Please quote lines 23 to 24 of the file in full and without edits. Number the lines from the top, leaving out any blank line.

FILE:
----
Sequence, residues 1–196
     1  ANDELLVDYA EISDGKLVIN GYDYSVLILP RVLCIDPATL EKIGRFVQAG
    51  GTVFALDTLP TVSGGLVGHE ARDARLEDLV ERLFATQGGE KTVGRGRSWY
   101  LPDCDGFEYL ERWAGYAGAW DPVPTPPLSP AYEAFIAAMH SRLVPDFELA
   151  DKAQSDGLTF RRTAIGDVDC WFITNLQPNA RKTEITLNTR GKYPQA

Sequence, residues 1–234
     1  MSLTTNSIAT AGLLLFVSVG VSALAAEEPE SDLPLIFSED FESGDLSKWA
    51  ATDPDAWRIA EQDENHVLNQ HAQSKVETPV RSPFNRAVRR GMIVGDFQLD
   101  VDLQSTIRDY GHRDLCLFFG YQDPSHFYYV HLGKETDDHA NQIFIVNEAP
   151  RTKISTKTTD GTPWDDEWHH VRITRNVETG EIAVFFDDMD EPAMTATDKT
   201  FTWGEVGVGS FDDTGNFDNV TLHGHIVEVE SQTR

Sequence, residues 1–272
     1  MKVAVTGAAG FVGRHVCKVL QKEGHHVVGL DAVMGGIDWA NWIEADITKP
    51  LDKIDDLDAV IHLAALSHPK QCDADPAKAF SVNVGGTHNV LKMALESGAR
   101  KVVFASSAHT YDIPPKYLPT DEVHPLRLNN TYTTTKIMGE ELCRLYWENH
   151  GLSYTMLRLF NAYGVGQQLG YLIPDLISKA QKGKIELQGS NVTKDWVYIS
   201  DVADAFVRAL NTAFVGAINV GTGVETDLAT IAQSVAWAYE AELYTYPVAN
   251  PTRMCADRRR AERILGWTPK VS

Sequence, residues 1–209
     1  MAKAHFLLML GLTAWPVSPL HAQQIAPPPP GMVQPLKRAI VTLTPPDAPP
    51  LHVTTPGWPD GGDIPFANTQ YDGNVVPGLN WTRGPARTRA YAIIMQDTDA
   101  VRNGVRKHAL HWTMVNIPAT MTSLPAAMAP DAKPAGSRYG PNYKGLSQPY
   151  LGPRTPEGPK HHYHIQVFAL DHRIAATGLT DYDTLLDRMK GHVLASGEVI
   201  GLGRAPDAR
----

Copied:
   151  LGPRTPEGPK HHYHIQVFAL DHRIAATGLT DYDTLLDRMK GHVLASGEVI
   201  GLGRAPDAR